Friday, February 15, 2019

Goodman Brown’s Loss of Faith in Hawthornes Young Goodman Brown Essay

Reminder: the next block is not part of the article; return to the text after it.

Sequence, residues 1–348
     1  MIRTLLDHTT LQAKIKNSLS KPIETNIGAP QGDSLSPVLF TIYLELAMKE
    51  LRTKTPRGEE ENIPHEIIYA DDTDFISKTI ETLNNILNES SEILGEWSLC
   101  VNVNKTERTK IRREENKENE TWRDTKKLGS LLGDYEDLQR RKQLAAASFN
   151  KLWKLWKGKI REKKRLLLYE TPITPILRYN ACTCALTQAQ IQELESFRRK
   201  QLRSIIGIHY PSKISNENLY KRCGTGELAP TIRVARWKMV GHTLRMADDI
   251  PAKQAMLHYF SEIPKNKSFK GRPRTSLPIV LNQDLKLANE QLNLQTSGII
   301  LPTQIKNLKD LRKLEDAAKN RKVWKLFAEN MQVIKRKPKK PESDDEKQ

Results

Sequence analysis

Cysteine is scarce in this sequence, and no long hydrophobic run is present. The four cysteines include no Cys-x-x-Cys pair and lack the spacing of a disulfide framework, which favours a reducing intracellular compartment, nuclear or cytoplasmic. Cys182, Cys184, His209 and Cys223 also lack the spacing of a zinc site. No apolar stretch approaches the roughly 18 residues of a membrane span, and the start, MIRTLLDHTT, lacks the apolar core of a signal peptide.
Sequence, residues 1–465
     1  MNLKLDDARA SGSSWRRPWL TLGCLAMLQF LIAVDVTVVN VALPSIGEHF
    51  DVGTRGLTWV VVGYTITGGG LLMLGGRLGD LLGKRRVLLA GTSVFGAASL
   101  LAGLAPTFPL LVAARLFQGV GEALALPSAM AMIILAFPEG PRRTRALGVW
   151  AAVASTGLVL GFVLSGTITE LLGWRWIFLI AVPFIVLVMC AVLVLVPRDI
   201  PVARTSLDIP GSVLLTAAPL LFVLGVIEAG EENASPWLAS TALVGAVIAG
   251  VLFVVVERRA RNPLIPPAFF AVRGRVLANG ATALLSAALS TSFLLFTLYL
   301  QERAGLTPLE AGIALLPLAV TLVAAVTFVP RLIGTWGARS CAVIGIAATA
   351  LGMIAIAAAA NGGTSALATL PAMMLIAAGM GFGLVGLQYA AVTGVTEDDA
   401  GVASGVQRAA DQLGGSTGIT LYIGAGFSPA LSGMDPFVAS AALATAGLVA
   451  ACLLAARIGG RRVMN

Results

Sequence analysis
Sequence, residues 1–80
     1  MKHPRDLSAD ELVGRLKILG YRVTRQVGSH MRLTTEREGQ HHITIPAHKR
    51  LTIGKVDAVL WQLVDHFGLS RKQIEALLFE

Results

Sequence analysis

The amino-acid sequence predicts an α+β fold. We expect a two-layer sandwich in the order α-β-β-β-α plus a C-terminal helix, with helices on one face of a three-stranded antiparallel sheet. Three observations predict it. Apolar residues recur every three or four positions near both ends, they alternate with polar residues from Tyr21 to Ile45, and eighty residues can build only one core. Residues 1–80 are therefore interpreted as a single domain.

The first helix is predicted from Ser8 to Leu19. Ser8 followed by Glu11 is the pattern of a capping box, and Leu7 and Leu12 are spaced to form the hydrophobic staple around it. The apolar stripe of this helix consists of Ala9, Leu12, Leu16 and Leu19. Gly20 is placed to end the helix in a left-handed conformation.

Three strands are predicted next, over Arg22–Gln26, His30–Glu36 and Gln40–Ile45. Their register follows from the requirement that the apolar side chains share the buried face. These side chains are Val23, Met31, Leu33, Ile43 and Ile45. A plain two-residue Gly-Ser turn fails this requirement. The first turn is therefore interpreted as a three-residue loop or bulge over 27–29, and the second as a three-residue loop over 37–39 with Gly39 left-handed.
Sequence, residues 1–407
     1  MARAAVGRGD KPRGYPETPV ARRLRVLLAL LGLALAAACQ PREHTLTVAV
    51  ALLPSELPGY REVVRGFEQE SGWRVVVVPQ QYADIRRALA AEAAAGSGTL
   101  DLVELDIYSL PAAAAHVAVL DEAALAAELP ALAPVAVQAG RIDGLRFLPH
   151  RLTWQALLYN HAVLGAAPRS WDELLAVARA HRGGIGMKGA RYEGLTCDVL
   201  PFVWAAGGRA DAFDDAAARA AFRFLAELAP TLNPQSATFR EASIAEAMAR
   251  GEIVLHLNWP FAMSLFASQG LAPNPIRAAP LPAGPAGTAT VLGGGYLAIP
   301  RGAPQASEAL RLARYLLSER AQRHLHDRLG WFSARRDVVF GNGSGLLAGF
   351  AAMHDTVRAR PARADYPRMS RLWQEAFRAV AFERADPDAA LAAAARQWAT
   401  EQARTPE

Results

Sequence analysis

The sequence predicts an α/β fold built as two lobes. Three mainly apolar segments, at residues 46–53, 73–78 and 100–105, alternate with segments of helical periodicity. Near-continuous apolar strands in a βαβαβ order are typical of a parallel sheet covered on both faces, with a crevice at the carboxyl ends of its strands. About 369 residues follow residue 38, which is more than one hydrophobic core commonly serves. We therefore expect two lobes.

Nathaniel Hawthorne wrote Young Goodman Brown based on morals and what Easterly in Lachrymal imaginativeness in Hawthornes Young Goodman Brown calls phantasmal maturity (Easterly 339). In the short story, Goodman Brown, a young Puritan leaves his wife of three months to watch a witch ceremony in the forest. During this gratuity in time, Puritans based their lives on teachings of religion and morality therefore, witch- mergings were surely immoral, and they betrayed the allegiance of God. Dwelling in the forest throughout the night, Goodman Brown experiences an event that changes his intact perspective of life. In one night, the event destroys his relationship with his wife opinion, isolates him from his neighbors, and destroys his efficacy to worship God(Easterly 339). Eventually, Goodman Brown dies without his faith, and they carved no hopeful meter upon his tombstone for his dying hour was gloom(Easterly 339). Before Brown leaves the house, trustingness begs him to stay saying, ...put off your journey until sunrise, and sleep in your own know to-night (Hawthorne 298), but of course, Brown ignores her plea and continues his journey anyhow. In the forest, he meets a man with a staff which bore the likeness of a commodious black snake (Hawthorne 299), an ultimate representation of evil. Surely, Goodman Brown knows that the witch meeting appears to be his destination. Walking through the forest, he pays close attention to any tree and every rock. As he proceeds his journey, Brown sights Faith and his moral and spiritual adviser, along with Deacon Gookin and the minister. He then nonices discreetness Cloyse, an old Christian woman (Hawthorne 300), rushing through the woods. Surely Browns skepticism begins to take over, now curious about... ... and spiritual maturity because he could not handle the fact that others worshiped the devil (those he certainly did not expect). In this, Hawthorne tells us that the man who sheds no tears lives the rest of his life a sad man, whose dying hour was gloom (Easterly 339). Works Cited Easterly, Joan Elizabeth. Lachrymal Imagery in Hawthornes Young Goodman Brown. Studies in Short Fiction. 28 (1991) 339 Hawthorne, Nathaniel. Young Goodman Brown. Literature Reading, Reacting, Writing. Ed. Laurie G. Kirszner and Stephen R. Mandell. fortification Worth Harcourt, 1997. 298-308. Mikosh, Bert A. The Allegorical Goodman Brown. An American Literature Survey Site. September 1996. Segura, Giberto. The position of Young Goodman Brown. An American Literature Survey Site. September 1996. (31 March 1999)

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